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We have a right to information on data security breaches

It's not enough for a bank just to tell customers its security was breached. It should be required to disclose details so people can take informed action. A bill now in the Legislature is a move in the right direction.

June 10, 2011|David Lazarus

Sam Greyson was surprised to receive a new credit card the other day from Bank of America. He was also surprised to learn that the bank had changed his account number because of a security breach involving another business.

But the thing that surprised Greyson most was that when he called BofA to find out more about the breach, he was essentially told to pound sand.

"They wouldn't tell us anything," he said. "They said we could read about it in the newspaper."

That would change if legislation now making its way through Sacramento becomes law. The bill from state Sen. Joe Simitian (D-Palo Alto) would tighten California's existing breach-notification rules to require more detailed disclosure of privacy violations.

The legislation, SB 24, passed the Senate in April and is now under consideration in the Assembly.

It's hard to see why anyone would oppose the bill. More than 530 million consumer accounts have been compromised in 2,520 known data breaches since 2005, according to the Privacy Rights Clearinghouse, an advocacy group.

The latest breach came to light Thursday when Citigroup said the names, account numbers and email addresses of as many as 200,000 bank customers were accessed by hackers who broke into Citi's online account site.

The Citi breach was discovered by the company in early May. Citi has declined to say why it took weeks to notify customers of the incident.

"There's nothing more disconcerting than getting a notice that says only, 'Hi, we had a breach and you were affected,'" Simitian told me. "Ignorance is not bliss. What you don't know can hurt you."

In BofA's case, the bank gave customers a toll-free number to call for more information, but it wasn't exactly a pathway to enlightenment.

A recorded voice would have us believe that not even the bank knows what happened in the latest security breach. "Card issuers are not provided specifics on where or when your account was compromised," the recording says.

Greyson, 56, said he was told the same by a BofA service rep. But when he managed to get a supervisor on the line, he said the bank acknowledged that "at least 100,000" accounts had been affected.

Betty Riess, a BofA spokeswoman, declined to confirm this when I called seeking more info. She said only that "if we think a customer's account may be compromised, we will take steps to protect customers."

That's not good enough. As Greyson told me, he'd like to know which company was robbed or hacked so he can take his business elsewhere in the future.

Simitian's bill wouldn't give us that much sunlight. But it would require that customers be informed about the nature of the breach and what kind of information was compromised, as well as when the breach occurred and how many other people might have been affected.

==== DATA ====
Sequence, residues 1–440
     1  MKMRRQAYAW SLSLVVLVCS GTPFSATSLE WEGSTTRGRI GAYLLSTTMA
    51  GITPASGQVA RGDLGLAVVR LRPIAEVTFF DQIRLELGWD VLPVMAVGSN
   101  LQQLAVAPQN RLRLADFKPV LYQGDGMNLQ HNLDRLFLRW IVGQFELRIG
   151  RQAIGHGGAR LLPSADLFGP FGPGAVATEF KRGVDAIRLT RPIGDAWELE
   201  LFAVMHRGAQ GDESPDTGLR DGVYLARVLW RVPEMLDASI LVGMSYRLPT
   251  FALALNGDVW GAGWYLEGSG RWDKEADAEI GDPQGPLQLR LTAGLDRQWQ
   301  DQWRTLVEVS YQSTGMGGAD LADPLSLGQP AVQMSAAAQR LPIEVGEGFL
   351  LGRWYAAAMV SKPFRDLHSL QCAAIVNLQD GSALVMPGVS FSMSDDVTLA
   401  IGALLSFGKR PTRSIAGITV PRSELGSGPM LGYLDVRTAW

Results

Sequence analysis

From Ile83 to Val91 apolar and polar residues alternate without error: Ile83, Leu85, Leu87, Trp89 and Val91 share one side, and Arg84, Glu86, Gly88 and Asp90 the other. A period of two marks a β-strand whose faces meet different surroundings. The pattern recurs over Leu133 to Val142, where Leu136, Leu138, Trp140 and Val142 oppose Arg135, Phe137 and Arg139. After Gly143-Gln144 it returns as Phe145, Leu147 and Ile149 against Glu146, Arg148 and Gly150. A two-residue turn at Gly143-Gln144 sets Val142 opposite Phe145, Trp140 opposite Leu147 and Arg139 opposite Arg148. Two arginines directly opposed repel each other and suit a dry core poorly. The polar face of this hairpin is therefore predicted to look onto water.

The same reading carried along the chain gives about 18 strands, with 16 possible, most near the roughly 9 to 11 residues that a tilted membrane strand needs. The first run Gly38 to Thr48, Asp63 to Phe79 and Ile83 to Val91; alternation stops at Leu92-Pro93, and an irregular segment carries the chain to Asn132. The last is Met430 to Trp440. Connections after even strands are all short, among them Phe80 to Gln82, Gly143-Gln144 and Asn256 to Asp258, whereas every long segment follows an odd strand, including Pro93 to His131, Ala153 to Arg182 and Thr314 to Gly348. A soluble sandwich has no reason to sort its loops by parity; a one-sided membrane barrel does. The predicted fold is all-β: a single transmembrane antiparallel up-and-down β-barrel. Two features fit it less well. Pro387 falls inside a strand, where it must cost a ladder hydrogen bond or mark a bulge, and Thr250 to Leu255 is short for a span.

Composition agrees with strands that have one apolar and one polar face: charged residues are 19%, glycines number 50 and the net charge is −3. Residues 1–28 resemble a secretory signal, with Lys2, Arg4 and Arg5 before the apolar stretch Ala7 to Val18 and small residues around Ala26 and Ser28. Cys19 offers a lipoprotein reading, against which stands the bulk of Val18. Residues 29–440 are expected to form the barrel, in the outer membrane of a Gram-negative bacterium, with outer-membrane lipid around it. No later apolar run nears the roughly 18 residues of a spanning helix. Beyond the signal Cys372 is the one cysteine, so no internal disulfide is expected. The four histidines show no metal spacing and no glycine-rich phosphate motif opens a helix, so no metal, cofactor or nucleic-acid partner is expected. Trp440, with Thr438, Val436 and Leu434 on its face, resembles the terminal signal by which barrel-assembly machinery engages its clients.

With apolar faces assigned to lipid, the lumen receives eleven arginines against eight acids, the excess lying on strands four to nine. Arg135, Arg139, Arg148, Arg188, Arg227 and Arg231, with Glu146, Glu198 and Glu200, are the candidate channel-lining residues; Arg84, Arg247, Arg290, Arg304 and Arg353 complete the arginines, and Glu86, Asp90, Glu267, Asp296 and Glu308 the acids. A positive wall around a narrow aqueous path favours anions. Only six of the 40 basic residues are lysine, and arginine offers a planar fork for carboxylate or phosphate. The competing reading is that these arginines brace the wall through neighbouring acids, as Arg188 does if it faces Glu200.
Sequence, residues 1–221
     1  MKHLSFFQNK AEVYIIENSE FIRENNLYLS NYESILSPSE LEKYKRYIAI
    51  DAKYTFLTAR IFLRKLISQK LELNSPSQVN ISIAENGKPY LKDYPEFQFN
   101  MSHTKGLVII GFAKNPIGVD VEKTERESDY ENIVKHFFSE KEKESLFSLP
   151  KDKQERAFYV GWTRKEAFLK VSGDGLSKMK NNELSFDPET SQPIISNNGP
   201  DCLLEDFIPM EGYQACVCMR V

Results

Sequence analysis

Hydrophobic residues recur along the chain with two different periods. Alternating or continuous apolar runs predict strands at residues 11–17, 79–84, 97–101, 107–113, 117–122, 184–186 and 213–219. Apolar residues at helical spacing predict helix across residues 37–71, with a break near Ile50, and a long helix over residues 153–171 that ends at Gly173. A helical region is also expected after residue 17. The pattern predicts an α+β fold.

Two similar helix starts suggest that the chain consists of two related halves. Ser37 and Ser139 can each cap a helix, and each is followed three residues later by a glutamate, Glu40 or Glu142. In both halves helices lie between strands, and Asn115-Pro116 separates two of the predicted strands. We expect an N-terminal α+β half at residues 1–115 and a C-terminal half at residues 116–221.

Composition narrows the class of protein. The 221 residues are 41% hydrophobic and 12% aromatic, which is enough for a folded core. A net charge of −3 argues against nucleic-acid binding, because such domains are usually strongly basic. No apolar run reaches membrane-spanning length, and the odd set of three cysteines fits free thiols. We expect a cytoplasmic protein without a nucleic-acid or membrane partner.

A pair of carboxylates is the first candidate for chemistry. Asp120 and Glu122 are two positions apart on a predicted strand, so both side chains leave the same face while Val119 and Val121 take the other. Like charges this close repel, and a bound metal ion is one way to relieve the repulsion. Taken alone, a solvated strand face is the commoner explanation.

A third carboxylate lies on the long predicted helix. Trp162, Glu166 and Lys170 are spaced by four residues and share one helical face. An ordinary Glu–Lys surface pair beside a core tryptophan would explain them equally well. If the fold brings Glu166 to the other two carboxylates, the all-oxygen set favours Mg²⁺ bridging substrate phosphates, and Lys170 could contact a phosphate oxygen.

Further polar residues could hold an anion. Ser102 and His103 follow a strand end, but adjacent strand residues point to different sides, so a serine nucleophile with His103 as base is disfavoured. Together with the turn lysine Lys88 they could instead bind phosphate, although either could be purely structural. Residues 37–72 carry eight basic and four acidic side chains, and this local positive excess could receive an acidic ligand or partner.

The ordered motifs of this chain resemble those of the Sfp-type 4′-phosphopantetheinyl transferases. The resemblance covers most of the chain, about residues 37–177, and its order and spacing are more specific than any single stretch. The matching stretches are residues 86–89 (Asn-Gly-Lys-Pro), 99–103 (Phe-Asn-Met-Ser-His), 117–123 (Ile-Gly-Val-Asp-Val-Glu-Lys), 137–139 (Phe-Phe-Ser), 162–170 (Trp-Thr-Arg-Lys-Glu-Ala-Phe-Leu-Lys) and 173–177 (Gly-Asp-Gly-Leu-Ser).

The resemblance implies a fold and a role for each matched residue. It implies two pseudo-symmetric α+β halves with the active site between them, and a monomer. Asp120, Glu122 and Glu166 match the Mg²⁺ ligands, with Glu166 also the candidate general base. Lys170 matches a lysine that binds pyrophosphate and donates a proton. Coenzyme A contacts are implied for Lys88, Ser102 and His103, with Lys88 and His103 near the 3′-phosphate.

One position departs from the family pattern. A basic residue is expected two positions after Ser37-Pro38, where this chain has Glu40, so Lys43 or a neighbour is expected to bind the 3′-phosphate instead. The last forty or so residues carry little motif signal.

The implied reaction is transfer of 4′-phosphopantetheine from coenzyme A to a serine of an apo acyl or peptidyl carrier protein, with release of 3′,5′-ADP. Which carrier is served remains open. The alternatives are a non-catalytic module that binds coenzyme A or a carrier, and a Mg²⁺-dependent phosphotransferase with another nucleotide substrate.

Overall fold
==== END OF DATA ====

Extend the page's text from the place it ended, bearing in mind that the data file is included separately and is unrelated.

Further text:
"The bill isn't as tight as I would like it," Simitian said. "I got a lot of pushback from industry."

As I've said before, the keepers of our personal data have a great responsibility. If they're unable to keep the data safe, we have a right to know — and these businesses should bear the full weight of public accountability.

Simitian's bill is a further step in the right direction. It should be approved by the Assembly and signed into law by the governor.

Then we should go the next step and ensure that hacked companies share consumers' pain. I'm thinking their identities should have to be publicly revealed and they should pay a fine of, say, $500 for every customer account involved.

Maybe that would result in better security practices.

Soda hide-and-seek

David Keleman of southern Orange County contacted me with an interesting observation: Why do an increasing number of restaurant chains seem to be hiding the price of soft drinks?

"If you look, they're not on the menu," Keleman said. "It's like they don't want you to know how much the drinks will cost until after you order them."

I checked around, and he's right — a number of chains omit soft drink prices from their menus. You won't see them at Chili's, for example, or Applebee's, El Torito or T.G.I. Friday's.

Managers at these establishments told me the individual restaurants aren't to blame and the decision to keep soda drinkers in the dark was made at the corporate level.

No one at the head offices of Applebee's or El Torito returned my calls for comment. But spokeswomen for Chili's and T.G.I. Friday's said soda prices aren't included on menus because they might vary from place to place.

This explanation didn't impress Steve Blackledge, policy advisor for the California Public Interest Research Group, a consumer advocacy organization.

"Soft drinks aren't like the catch of the day," he said. "They don't change that much."

All prices for all goods should be clearly marked before a purchase. Ordering a meal shouldn't be like playing hide-and-seek.

David Lazarus' column runs Tuesdays and Fridays. He also can be seen daily on KTLA-TV Channel 5. Send your tips or feedback to

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